2. Clean the surface: This is the risky bit because chemicals are used to clean out the dust and fungus collected on the surface of the painting. It is also time consuming, where every part of the painting has to be cleaned very minutely – sometimes a square inch at a time for a badly damaged work. Paintings coloured over
by amateurs pose a far greater problem. These additional layers have to be removed to get down to the original colours. If not done correctly and carefully, the base surface could get destroyed.
3. Retouching: This is where the play of light and colour comes into its own. To figure out the artist’s original shades and tones and to duplicate them is almost like creating the painting afresh. This is all about the skill of those magical fingers. Some restorers trust their intuition and others let the paintings speak to them and guide them.

‘Western’ colours (these colours are unique to a specific brand of paints, especially a foreign brand like Winsor & Newton, and may be almost impossible to duplicate) are the hardest to figure out. Even if a painter were to be observed at work, it would be hard to tell just how much of this and that colour has gone into making a third shade.

So imagine going at it blindfolded! To get just the exact colour is a mark of excellence. A poor restoration job will show blotches that are more prominent than the painting itself. The weaves of the new canvas should exactly match the original or else it will disturb the visual continuity after retouching is done.

4. Varnish: This comes in two types – matt lacquer and glossy finish. The restored painting is varnished to protect it from the weather and to preserve the colours. Then the painting is waxed. Wax is melted and applied to the back of the painting. This prevents moisture from seeping in from behind and ruining the painting. Kashinath Salve, painter and former professor at JJ School of Fine Arts has just restored a Laxman Shreshta.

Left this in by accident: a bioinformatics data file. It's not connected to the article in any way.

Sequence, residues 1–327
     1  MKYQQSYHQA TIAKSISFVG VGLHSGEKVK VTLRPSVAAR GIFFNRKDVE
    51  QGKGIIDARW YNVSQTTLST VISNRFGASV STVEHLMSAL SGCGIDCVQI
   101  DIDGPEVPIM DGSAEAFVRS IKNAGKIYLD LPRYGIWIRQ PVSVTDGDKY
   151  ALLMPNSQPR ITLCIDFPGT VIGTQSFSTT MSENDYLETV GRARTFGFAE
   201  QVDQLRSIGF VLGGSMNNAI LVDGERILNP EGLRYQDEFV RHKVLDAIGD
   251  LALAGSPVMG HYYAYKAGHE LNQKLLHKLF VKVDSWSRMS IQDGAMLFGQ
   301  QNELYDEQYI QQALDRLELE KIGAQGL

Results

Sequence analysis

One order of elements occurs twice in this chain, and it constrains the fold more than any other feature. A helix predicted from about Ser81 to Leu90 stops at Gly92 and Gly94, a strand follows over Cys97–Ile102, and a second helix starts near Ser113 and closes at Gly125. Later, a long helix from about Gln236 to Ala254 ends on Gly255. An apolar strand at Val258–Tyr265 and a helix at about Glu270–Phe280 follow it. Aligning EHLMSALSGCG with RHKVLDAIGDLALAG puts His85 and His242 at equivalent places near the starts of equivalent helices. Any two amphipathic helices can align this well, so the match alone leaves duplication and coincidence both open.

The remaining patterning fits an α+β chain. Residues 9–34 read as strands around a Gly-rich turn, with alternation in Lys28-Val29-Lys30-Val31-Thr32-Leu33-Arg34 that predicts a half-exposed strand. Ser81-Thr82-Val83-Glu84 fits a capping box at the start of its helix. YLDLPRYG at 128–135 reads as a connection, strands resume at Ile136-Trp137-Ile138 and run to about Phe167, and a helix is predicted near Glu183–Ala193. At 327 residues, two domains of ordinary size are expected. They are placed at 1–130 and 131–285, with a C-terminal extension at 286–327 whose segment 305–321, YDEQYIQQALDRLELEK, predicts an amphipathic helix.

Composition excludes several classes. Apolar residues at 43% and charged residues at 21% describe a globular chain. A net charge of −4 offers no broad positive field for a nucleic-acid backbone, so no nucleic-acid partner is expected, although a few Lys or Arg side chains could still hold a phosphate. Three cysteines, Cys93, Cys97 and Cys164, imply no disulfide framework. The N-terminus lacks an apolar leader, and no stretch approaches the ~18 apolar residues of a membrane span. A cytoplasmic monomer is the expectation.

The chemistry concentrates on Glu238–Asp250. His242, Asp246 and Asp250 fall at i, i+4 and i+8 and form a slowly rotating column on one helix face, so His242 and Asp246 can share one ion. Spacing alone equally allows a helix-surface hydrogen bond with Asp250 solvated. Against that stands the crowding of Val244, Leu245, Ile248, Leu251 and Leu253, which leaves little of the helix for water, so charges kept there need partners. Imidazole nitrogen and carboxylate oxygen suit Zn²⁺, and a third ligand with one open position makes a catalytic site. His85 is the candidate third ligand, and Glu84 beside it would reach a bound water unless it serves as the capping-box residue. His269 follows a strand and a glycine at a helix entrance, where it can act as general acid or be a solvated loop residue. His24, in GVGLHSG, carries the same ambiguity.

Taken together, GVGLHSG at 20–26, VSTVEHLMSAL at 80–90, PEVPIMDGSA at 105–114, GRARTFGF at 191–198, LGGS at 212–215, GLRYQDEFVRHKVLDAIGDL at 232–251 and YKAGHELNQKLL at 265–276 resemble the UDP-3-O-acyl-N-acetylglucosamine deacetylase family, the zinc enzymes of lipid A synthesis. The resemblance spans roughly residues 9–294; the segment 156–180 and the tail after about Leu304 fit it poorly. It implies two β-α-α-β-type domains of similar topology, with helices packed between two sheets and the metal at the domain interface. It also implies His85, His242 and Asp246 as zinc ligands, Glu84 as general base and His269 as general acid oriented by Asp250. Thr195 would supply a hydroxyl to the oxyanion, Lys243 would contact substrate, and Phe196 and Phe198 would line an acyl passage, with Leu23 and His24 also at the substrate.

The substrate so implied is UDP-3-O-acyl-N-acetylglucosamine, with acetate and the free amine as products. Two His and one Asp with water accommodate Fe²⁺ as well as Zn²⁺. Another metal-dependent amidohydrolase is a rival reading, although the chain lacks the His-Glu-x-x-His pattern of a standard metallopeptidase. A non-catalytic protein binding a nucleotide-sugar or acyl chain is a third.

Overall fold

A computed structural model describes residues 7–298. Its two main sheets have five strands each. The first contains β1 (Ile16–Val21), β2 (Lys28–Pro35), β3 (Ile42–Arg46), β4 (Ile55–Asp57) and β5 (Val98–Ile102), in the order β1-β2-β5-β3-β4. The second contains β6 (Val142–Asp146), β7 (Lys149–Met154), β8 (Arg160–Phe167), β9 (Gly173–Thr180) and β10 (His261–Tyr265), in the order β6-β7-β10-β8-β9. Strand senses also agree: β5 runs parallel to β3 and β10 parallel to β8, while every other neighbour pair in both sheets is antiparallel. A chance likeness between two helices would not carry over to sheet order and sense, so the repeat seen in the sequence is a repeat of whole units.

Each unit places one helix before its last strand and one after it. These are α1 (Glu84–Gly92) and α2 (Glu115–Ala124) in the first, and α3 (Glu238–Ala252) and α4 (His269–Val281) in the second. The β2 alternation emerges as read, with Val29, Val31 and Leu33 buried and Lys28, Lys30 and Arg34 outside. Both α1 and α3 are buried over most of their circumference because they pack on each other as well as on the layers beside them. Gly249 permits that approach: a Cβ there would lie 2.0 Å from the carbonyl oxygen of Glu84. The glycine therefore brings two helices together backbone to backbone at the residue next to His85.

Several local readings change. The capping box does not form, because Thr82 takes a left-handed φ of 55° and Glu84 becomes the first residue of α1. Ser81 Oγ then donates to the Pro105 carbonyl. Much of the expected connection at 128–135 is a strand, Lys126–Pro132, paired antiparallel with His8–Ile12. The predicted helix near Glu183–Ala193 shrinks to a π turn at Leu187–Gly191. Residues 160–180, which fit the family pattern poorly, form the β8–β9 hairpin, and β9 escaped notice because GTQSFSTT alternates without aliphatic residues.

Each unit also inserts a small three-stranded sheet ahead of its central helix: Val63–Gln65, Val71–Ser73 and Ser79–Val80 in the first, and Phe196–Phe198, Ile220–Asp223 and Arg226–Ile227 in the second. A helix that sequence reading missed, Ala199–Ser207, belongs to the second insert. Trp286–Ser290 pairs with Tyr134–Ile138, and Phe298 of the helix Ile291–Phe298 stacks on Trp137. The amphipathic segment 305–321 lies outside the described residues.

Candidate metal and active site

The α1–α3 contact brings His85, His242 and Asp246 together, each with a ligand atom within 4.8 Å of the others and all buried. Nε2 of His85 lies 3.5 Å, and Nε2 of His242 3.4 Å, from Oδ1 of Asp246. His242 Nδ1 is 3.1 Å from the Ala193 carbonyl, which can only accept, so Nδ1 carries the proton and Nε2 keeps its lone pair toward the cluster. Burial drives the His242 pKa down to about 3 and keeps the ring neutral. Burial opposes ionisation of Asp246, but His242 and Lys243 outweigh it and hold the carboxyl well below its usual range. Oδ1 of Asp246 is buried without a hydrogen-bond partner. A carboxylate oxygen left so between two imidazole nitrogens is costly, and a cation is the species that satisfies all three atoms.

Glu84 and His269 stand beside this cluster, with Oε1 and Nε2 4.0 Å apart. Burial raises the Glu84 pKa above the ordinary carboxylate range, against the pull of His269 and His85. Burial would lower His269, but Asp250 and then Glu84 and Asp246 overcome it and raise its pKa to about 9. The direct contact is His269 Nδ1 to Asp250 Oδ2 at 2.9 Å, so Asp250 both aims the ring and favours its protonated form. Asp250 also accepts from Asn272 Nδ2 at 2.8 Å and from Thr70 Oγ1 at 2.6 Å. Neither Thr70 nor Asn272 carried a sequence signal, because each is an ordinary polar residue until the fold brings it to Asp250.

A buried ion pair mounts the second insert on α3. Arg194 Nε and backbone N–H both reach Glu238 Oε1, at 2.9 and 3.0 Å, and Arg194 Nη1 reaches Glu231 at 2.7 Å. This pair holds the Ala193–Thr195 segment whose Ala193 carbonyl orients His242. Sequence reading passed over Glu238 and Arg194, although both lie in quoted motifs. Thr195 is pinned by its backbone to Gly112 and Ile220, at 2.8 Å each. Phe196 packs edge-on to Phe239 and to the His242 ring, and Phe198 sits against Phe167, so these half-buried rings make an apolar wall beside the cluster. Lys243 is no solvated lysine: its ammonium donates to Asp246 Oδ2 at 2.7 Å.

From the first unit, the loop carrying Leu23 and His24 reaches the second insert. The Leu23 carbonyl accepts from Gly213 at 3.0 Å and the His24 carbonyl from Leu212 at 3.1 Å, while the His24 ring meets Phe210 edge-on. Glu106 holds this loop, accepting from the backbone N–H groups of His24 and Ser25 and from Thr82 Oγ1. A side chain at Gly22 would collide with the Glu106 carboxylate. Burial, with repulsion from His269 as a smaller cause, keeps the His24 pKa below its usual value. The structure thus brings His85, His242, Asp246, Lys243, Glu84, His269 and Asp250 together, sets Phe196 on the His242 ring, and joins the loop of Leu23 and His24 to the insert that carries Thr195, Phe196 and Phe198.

His expert advice for those interested in preserving art is: “Pencil drawings, charcoal sketches and even oil and acrylic paintings are easier to restore while watercolours are the most difficult.” Salve is the person most people in the know go to, to rescue their paintings. For instance, recently, he was asked to work his magic on a Jehangir Sabhavala. So, his is the expertise you would need to bring your paintings back to life.

Every restorer has a particular technique that he/she prefers and perfects.It is almost akin to leaving your signature on the renewed work of art

In India, one of the premier restoration institutions is The Indian National Trust for Arts and Cultural Heritage (INTACH) in New Delhi–the umbrella body looking into the preservation of art. INTACH has 11 conservation institutes all over India, which preserve priceless artefacts for generations to come.

In 1998, INTACH’s Delhi Conservation Centre in collaboration with NGMA restored some Raja Ravi Verma and Amrita Sher-Gil paintings, which are now in private collections. The results are there for all to see – in glorious technicolour detail. Western art restorers have begun and possibly perfected a new technique, which may catch up here in India.

The surface of the painting is coated with a chemical, which adheres to the painting so it can be copied backwards onto another surface. This is then lifted and mounted on to a new base. Apparently, using a similar technique, sometimes a painting is copied on to glass as well. All restorers keep updating their skills. Some have specialised in restoration from art schools in England and USA. Some are painters who are called in to gauge the right colours. The brush once taken up can become
quite addictive. The instinctive nature of art calls out to myriad souls, to help it when in distress. Paintings are no exception. They obsess those who possess them.!

INTACH, 71, Lodhi Estate, New
Delhi – 110003. Tel no: 011-4641304/
011-4645482. Fax: 011-4611290

INTACH’s Mumbai chapter may be
starting courses in art conservation
shortly. For further information call:
022-22843644 or e-mail:intach1@vsnl.com

Kashinath Salve, an accomplished restorer who is a painter at heart can be contacted at: Robert Money Vocational Institute, Academy of Fine Arts, Next to Queen Mary School, Grant Road, Mumbai. Tel no: 022-23812043. He also conducts courses in pottery, minakari work on copper and painting in all mediums at the Academy. Art materials are given to those who enroll. Open from Monday to Saturday, 11 am to 7 pm.

Sources for this article: Examination & Conservation of Wall Paintings, edited by OP Agrawal, Published by Sandeep Prakashan. ICCI Newsletter No. 31, Sept 2002.
Photos courtesy catalogue: Raja Ravi Varma, Amrita Sher-Gil Restored by Indian National Trust for Art and Cultural Heritage (INTACH) in collaboration with National Gallery of Modern Art (NGMA).

Written for Jetwings - Jet Airways' in-flight magazine

No comments: